High school students revolt over mobile phone ban

AN ONLINE petition started by high school students is gaining momentum to overturn a new mobile phone ban.

A change.org petition is calling on Harristown State High School to be "more lenient" with mobile phones.

Supporters of the petition suggest students are no longer allowed to be seen with mobile phones from 8.30am-3pm on the school grounds.

Previously they said phones could be used during lunch breaks.

The petition states: "We believe that this new policy is not necessary. We do not believe that we should have such a major punishment for just having our phones out."

"We can have our phones out without having such a major consequence. We want to be able to use our phones during lunch and go back to the old phone policy."

The school's website currently states the mobile phones and personal technology devices policy as:

"When used as a teaching tool under teacher direction these devices should be used appropriately and responsibly. At other times they should be turned off and out of sight. These items are brought to school at the risk of the owner."

The petition on change.org.
The petition on change.org.

A Harristown State High School spokeswoman told The Chronicle the school could not reveal its new phone policy until its Parents and Citizens' Association (P&C) informed the entire school community, which would take a fortnight.

While it is not officially determined what the "major punishment" is for students caught with their phones, supporters have posted their outrage on the petition site.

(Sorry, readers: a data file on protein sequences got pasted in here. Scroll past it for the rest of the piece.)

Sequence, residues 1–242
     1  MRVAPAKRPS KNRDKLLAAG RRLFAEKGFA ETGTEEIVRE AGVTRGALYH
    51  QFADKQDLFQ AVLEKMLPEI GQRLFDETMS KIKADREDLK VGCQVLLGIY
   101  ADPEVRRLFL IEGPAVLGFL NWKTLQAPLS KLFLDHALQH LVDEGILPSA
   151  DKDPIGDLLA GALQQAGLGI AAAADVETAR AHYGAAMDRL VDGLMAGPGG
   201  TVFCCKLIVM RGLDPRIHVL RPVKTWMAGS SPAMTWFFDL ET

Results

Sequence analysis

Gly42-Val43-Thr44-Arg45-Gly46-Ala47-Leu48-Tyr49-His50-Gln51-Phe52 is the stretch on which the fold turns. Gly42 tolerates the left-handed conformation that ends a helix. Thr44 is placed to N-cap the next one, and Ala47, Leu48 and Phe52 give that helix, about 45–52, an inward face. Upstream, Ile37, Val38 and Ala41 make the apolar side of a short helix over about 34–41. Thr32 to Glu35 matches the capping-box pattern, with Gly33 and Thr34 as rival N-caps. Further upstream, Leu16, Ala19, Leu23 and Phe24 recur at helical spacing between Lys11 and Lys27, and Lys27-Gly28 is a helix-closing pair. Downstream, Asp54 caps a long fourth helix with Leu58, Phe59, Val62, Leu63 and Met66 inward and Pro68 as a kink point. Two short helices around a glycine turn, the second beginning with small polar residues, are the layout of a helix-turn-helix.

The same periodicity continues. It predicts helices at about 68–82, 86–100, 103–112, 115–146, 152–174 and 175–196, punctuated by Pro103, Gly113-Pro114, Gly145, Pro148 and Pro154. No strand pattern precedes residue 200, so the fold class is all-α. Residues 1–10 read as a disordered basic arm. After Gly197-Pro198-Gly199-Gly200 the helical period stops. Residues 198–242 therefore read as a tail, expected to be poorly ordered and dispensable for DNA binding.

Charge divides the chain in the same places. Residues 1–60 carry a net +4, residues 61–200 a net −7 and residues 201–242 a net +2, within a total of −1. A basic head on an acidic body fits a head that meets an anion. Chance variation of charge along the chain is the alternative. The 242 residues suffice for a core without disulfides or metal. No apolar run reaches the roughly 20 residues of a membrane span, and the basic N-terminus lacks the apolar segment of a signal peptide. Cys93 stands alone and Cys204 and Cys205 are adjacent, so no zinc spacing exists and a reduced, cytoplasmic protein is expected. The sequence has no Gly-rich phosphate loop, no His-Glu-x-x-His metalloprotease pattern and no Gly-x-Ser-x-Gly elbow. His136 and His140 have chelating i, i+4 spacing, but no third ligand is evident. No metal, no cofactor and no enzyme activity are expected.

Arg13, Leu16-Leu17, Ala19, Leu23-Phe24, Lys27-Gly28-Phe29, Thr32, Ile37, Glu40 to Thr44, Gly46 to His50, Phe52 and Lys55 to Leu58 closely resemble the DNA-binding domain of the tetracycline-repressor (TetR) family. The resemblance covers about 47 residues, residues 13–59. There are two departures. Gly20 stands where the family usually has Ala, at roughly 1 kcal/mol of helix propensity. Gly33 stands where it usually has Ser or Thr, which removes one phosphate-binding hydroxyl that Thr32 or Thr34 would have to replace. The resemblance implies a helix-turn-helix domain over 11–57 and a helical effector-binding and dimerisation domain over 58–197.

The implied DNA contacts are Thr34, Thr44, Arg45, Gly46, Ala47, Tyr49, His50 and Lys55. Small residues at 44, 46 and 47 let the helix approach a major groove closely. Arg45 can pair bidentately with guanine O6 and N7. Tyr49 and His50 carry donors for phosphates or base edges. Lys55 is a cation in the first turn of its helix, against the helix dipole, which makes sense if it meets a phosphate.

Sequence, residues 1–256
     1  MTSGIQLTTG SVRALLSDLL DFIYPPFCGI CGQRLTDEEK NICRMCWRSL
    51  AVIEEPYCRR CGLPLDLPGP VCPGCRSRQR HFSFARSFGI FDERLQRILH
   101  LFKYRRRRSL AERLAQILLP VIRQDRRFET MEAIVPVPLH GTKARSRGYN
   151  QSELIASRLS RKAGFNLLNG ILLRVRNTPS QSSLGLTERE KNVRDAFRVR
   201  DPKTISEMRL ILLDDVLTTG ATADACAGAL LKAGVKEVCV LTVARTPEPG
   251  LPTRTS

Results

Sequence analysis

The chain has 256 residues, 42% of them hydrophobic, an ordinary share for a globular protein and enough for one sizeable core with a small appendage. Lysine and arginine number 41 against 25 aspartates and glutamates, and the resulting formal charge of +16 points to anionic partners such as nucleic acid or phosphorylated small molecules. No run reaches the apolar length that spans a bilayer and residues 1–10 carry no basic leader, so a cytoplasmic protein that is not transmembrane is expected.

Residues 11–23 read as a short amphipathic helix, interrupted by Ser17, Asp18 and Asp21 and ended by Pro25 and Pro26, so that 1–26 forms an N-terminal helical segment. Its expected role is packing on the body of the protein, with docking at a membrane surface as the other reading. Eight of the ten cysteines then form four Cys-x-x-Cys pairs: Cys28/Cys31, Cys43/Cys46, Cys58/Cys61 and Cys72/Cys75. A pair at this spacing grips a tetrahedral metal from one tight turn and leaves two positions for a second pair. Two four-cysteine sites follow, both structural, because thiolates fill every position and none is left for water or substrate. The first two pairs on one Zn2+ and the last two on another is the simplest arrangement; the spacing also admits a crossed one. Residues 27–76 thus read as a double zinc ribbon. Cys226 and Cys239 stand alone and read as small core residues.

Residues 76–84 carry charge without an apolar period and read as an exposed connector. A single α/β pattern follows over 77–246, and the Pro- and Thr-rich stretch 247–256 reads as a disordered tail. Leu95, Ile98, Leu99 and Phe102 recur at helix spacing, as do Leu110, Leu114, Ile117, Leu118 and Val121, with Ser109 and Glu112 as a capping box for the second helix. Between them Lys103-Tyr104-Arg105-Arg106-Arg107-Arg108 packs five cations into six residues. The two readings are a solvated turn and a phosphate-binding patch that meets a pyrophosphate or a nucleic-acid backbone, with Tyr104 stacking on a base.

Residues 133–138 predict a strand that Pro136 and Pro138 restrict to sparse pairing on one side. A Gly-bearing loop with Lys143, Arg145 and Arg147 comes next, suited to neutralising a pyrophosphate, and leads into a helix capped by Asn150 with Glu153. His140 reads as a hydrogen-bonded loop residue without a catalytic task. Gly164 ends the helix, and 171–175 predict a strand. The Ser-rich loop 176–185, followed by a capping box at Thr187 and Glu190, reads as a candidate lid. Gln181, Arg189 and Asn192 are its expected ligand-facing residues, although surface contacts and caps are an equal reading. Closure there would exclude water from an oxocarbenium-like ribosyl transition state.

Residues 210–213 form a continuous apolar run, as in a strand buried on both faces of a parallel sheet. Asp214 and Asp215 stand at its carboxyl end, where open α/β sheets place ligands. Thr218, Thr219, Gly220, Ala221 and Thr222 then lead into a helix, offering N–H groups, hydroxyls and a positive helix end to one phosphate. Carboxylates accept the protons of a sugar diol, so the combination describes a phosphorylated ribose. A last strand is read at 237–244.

Khloé Mott said students would be "red carded" if caught with their phones then the phones would be confiscated.

Dylan Jeans said: "Not having our phones from 8.30am until 3pm is over the line."

Should students be allowed mobile phones at school?

This poll ended on 26 February 2017.

Current Results

Yes

33%

No

66%

This is not a scientific poll. The results reflect only the opinions of those who chose to participate.

Nicholas Hogan said mobile phones were necessary in the event of an emergency.

"What if our parents call and it's an emergency and we don't have our phones to contact them to see if they are okay and not in danger?" he said.

Former student Leslie Robinson believed she was more productive when not forced to hide her phone.

"When I attended this school I worked a hell of a lot better when I was able to have my phone out, listen to my music (and) send a quick text," she said.

"With phones, we're too busy trying to hide them that we can't focus on school - trust me the difference is huge."

Katie Preston said the new rule was too strict.

"Why confiscate their phones when it could only be in their hands while getting something out of their pockets?" she said.

"Students aren't allowed their phones in class yet teachers are allowed to have theirs off silent and still be able to take phone calls and messages."

The Chronicle contacted Harristown State High School and Education Queensland for further comment.


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